Practicality Should Drive the Peace Process

March 12, 2014

Emphraim Sneh wrote one of the wisest and most hopeful analyses of the Arab-Israeli peace process that I have seen in the New York Times in quite a while (“Lift the Mideast Roadblocks,” Mar. 12).  The politics of the conflict is about settling scores and blaming the other for the impasse, but what Sneh is advocating is more practical.  The crimes of the past are important and relevant, of course, but many of the problems of the present have practical solutions that are worth implementing despite the hard feelings on all sides.  The Arab-Israeli conflict has long ceased to be a conflict between Arabs and Jews.  Over the past few decades, it has morphed into a conflict between those who advance the two-state solution (and its implications) and those who oppose the two-state solution.  When the conflict is conceived in those terms, Arabs and Jews can be (and often are) on the same side.

UPDATE: The Times published my letter!

Climate Change: 15 Years Left

February 24, 2014

Dear Congresswoman Pelosi:

I want to thank you for your efforts in combatting climate change. I fear that our country and China are not taking the problem seriously enough.  A recent New York Times article on the subject found that scientists are saying that “[a]nother 15 years of failure to limit carbon emissions could make the problem virtually impossible to solve with current technologies.” Your efforts at solving the problem are extremely important, indeed, they may be the most important issue you face in Congress right now. I hope you continue to make climate change your top priority.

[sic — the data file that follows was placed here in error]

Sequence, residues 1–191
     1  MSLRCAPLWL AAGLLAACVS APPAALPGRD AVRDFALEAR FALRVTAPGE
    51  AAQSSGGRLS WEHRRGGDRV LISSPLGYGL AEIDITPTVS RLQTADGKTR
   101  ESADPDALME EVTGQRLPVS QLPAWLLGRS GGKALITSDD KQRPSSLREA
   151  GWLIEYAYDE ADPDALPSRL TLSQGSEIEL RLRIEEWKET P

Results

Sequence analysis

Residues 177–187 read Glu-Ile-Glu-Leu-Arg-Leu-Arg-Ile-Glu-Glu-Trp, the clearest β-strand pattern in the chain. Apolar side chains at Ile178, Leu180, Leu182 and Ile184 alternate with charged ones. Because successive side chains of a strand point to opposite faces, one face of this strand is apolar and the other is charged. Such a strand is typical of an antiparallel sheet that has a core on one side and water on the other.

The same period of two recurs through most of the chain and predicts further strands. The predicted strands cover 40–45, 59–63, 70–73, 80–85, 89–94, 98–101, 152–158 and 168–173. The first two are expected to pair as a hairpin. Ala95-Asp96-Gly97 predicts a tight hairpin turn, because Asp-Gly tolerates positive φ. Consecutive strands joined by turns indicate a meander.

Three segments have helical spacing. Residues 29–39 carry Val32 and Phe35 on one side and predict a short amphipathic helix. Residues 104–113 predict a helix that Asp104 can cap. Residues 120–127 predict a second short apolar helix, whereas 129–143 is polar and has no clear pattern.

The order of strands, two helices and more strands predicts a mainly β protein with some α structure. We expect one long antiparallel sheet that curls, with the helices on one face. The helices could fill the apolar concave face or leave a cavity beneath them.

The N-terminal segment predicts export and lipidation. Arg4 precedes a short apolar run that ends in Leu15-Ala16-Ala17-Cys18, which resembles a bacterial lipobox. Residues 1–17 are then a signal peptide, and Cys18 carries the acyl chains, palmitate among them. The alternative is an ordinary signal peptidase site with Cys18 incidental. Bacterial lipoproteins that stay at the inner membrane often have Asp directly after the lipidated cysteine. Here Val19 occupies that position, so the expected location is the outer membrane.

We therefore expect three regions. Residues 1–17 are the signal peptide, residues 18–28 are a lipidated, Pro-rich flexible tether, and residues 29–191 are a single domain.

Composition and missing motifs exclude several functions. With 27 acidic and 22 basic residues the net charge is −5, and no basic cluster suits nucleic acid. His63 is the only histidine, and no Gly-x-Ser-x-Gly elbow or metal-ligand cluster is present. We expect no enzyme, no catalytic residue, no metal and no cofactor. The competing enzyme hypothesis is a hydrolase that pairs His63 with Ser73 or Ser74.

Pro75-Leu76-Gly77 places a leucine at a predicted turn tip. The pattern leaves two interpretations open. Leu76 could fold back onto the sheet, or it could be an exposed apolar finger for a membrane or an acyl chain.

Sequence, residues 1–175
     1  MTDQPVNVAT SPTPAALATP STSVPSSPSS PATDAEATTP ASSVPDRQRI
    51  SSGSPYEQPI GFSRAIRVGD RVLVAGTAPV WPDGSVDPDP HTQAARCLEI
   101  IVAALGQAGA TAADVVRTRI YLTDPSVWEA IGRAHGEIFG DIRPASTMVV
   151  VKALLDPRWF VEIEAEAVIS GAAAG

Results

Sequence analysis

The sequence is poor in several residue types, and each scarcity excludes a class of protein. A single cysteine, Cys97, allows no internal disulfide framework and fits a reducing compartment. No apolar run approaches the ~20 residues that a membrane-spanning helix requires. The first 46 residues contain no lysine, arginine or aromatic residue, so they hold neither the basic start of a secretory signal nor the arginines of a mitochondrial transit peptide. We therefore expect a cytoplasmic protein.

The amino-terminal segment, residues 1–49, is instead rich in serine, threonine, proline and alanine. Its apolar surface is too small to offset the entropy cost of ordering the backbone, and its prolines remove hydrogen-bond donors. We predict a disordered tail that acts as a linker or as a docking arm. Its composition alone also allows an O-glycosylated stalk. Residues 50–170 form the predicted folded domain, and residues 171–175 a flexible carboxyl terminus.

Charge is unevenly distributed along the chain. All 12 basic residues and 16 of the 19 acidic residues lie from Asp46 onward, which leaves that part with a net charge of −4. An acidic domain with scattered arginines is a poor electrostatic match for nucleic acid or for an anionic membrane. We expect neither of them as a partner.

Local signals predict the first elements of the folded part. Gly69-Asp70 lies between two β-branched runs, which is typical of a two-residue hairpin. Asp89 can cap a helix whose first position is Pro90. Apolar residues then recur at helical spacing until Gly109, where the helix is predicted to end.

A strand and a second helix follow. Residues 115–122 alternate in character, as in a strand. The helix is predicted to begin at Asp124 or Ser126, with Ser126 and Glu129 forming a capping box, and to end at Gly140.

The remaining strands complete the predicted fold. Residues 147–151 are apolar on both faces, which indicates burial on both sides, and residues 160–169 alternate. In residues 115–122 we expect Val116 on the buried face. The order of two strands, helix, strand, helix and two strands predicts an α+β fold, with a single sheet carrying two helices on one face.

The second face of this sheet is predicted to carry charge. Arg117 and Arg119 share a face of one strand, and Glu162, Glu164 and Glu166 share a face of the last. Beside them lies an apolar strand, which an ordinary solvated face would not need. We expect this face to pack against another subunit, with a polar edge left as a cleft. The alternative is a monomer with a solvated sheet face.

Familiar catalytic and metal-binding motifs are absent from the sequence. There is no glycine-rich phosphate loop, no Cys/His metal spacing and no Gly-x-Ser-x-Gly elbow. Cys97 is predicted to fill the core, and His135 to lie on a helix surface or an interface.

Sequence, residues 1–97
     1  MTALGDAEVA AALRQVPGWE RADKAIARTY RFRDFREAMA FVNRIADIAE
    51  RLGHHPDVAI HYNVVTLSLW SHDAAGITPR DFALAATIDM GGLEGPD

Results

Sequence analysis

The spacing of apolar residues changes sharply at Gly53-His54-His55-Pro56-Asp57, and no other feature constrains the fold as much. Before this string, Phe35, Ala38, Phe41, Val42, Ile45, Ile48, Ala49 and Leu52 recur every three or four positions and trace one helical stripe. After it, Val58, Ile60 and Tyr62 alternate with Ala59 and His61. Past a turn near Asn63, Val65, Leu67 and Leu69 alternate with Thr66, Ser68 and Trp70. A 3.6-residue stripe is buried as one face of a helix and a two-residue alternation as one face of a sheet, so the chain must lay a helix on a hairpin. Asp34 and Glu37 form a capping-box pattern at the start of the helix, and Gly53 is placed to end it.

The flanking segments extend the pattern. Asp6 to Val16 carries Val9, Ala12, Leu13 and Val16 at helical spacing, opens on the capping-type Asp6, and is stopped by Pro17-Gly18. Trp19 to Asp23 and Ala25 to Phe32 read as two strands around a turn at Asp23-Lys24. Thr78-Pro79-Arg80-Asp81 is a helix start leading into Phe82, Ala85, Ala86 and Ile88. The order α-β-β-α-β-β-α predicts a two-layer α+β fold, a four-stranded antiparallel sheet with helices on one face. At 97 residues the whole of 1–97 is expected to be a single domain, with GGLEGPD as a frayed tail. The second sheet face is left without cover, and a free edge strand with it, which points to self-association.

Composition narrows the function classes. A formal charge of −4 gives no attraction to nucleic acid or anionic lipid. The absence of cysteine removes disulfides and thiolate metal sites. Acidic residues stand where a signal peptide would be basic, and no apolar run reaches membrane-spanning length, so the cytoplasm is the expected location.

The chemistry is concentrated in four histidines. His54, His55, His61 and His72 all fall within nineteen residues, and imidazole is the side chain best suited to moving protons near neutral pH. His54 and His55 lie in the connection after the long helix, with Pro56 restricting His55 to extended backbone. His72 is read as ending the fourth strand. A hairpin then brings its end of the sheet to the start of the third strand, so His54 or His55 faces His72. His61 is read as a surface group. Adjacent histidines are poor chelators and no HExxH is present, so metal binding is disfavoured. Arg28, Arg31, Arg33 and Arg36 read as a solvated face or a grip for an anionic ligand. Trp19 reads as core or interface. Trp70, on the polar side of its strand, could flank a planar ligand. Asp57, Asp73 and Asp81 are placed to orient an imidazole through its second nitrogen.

Thank you.

UPDATE: I received a letter back from Congresswoman Pelosi.  The letter stated that she agrees that energy policy is an important issue and spoke about how many things she has already supported in Congress that is trying to combat climate change and support energy independence.

President Barack Obama’s Rosh Hashanah 2012 greeting

September 13, 2012

[sent to the White House]

Dear President Obama:

I am a Jewish American and I’d like to thank you for your Rosh Hashanah greeting. It was a very gracious gesture. Your message of reconciliation is especially important and echoes some of the most important ideals in the Jewish tradition and in the American tradition. I especially appreciate your continued commitment to “the unbreakable bond” our country shares with the State of Israel.

UPDATE: It took a little less than a month, but Obama wrote me back a boilerplate thank you letter with some reminders about the achievements he made in his first term.

Michael Moore on Israel

November 9, 2011

[sent to MichaelMoore.com]

Dear Mr. Moore:

I have been a fan of your since my high school English teacher played for us a VHS of Roger & Me.  Since then, I have not seen a single film of yours that I did not love.  I have even read a couple of your books and enjoyed them very much.  Even when I disagree with you (which is rare), you are an interesting and entertaining voice.

For this reason, I was disturbed by your comments at the Sixth and I Historic Synagogue regarding Israel and the Palestinians.  On that issue, you implied that you were in favor of the unilateral Palestinian movement to get the United Nations to recognize a Palestinian state, thus subverting U.S. policy of bringing about a Palestinian state through negotiating a just settlement of the conflict between the Israelis and Palestinians.  On this point, you not only diverge from U.S. policy, but also from the stated opinions of some Palestinians leaders and left-wing Israeli leaders that moves like this will not bring about peace in the region and will only serve to isolate Israel internationally.

I invite you to rethink your opinions on the Middle East.  I direct you to responsible, left-wing groups such as J Street, Americans for Peace Now, and the American Task Force on Palestine for groups that for you to research, and whose views you may find it useful to endorse.

Thank you.


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